Problem number two cropped up when it was time to build the Homecoming float. I wanted to build it at Brian Fairweather’s house because he had a big barn and he was my friend. Everyone else wanted to build it at the star quarterback’s house, because his parents would let them drink, a huge part of the float-building process. Again, I pushed through my agenda only to have it blow up in my face … I finally gave up after an ill-fated pomming session at Fairweather’s house that was boycotted by everyone except me and three of my friends.

I’m ashamed to say that I didn’t lend a finger to help after that. Due to my poor management skills, the float itself was kind of a disaster. It was supposed to be a rocket blasting through the opposing team’s quarterback. What it actually looked like was a giant penis ramming the opposing team’s quarterback in the ass. We lost the float competition to the sophomores that year which was practically unheard of. They usually just handed it to the seniors out of habit. You had to make a really, really bad float to lose to underclassmen.

The troubles kept mounting as the year went on. Our class sponsor hated my guts and my co-officers thought I was a total simp. But I still had a chance to redeem myself. The only real responsibility we had as class officers was to raise money for prom. We decided to do a magazine sale. I took charge, thinking if I could pull it off and raise a ton of money for a kickass prom, I’d be able to walk out of the school at the end of the year with my head held high.

As class president, I had one awesome power: I could call an assembly for the entire class once during the school year. I spoke with a representative from the magazine sales company and arranged for him to deliver his pitch to our class on Tuesday morning during second period. At least, I think that’s what I arranged. When we got to the auditorium, he hadn’t arrived. Ten minutes went by. Fifteen minutes went by. The class began to get unruly. Our class sponsor actually cursed at me. “What the fuck is going on?” he asked, most certainly convinced it was my fault. I got on the microphone and did some impromptu standup. It went over like a lead balloon. One good thing did come out of it: since that day, I’ve had absolutely no problem standing up in front of crowds of people and making a complete ass of myself. Once you’ve faced a room full of jeering high school students, anything else is cake.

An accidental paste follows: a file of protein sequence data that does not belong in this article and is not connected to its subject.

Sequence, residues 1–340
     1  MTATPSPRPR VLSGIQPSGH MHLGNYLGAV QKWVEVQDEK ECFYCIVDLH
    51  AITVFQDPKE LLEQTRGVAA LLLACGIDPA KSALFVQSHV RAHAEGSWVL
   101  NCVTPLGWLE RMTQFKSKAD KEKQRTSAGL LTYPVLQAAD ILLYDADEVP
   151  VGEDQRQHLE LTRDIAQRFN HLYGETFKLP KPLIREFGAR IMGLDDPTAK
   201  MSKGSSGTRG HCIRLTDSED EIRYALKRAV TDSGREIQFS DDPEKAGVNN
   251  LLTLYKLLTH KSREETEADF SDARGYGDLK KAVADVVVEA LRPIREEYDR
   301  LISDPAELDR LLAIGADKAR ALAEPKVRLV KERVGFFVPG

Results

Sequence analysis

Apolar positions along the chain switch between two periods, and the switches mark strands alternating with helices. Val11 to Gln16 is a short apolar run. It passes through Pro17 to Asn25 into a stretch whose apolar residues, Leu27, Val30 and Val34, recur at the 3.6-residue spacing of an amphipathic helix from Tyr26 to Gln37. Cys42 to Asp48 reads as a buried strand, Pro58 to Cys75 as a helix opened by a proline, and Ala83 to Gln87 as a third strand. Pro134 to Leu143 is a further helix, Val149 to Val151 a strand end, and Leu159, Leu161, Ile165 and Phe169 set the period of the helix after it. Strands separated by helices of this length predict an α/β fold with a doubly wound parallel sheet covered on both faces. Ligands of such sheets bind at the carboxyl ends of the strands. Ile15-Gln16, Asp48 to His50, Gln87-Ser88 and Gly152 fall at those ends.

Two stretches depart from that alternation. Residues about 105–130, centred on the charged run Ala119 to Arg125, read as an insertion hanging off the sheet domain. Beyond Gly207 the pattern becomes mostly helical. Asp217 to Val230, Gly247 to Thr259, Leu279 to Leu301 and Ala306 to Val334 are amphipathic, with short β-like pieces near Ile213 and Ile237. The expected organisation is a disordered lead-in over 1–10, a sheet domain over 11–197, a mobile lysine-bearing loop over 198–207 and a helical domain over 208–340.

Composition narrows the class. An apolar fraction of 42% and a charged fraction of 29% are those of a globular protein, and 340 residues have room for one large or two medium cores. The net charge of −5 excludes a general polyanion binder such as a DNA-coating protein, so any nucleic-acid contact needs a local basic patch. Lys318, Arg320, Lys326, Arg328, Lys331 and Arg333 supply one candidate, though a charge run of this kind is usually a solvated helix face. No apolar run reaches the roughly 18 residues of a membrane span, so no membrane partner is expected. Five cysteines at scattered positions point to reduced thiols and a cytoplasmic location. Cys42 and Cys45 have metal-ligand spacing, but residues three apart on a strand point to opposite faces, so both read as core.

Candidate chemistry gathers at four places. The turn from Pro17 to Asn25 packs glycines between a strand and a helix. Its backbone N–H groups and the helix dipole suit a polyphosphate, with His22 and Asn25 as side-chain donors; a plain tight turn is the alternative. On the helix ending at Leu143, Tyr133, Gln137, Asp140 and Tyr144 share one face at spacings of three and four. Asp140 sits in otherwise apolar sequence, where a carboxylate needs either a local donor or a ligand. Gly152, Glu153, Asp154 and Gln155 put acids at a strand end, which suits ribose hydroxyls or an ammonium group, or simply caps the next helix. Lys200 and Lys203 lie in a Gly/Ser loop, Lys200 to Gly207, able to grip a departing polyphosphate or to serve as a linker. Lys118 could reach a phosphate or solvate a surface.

After waiting for 1/2 an hour, our sponsor made the decision to send everyone back to class. Minutes after we left, the representative arrived. “Where have you been?” I asked him, totally frantic.

“It’s 10:45. You told me to come at 10:45.”

“I said 9:45!”

“Nope, you said 10:45,” he said, showing me his planner. “See, it’s in my planner.” It was definitely in his planner, which proves nothing. To this day, I don’t know who was in the right. I like to think I would have never made such a huge mistake, but who knows? It doesn’t really matter, anyway; as the high school kid in the situation, I was going to get the blame no matter who was at fault.

The magazine sale went on, but it was a disaster. Getting high school kids to sell things is difficult enough with a huge motivational push; when they have to take the initiative to collect the materials and do the work themselves, it is impossible. From that moment on, I essentially ceded my president-ship to my VP, Erica Fournier. She took over and did an amazing job, raising enough money for us to have a great prom at a beautiful location in Flint. In a just world, she probably should have delivered the speech at graduation, but as my last official duty and the only real reason I wanted to be president in the first place, I saw that speech as the only thing I had left.

If I do say so myself, I knocked it out of the park. Not really enough to redeem myself for a year of abject failure, but at least enough to make me feel like there was a place for me somewhere in the universe. And that place is standing on the stage, taking credit for a victory that is not really mine. Retroactive thanks to Kim Gattiss, Sarah Jonker, Erica Fournier, and everyone else in my graduating class who stepped up and rescued our prom from almost certain disaster. If you ever want to do another magazine sale, just let me know. I’ll make sure it goes more smoothly this time.